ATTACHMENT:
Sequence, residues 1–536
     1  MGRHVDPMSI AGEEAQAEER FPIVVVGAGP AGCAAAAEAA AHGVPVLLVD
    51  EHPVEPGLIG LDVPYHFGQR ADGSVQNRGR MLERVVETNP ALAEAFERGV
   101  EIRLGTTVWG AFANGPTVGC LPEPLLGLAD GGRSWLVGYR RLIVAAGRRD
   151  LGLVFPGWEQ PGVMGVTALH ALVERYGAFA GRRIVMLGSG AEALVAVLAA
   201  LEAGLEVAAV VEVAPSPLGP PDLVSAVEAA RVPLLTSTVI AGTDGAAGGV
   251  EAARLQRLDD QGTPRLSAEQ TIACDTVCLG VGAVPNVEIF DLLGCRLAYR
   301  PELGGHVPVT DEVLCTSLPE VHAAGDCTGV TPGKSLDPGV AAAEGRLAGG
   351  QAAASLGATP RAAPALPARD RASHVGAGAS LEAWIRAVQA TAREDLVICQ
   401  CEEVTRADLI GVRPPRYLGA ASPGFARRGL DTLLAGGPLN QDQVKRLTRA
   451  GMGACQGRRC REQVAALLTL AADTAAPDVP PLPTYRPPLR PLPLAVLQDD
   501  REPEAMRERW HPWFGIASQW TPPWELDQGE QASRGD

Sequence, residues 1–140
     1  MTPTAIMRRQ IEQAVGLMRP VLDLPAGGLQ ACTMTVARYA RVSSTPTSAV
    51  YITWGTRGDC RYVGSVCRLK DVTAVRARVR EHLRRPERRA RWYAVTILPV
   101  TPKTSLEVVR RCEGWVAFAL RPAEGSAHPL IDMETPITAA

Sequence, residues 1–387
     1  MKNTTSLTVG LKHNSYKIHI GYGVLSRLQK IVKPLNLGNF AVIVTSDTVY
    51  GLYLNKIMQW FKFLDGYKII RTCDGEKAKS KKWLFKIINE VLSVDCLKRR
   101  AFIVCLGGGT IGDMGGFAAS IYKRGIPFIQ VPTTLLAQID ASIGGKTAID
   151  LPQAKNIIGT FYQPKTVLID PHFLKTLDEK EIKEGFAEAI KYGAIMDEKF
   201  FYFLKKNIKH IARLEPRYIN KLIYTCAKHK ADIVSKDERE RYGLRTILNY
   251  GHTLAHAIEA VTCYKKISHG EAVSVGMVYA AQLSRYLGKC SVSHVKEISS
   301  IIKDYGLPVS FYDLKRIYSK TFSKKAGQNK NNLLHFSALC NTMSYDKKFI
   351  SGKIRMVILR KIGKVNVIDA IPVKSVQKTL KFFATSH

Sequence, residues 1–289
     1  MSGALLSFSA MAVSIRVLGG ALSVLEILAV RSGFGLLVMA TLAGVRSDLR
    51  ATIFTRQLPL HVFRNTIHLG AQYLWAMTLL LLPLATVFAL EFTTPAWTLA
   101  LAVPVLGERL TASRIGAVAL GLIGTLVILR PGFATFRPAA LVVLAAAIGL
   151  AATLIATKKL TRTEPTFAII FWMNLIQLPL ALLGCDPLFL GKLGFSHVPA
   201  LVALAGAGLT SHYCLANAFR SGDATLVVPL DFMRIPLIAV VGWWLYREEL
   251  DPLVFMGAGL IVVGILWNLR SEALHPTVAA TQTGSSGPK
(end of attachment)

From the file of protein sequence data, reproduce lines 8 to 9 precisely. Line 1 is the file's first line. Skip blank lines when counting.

   301  PELGGHVPVT DEVLCTSLPE VHAAGDCTGV TPGKSLDPGV AAAEGRLAGG
   351  QAAASLGATP RAAPALPARD RASHVGAGAS LEAWIRAVQA TAREDLVICQ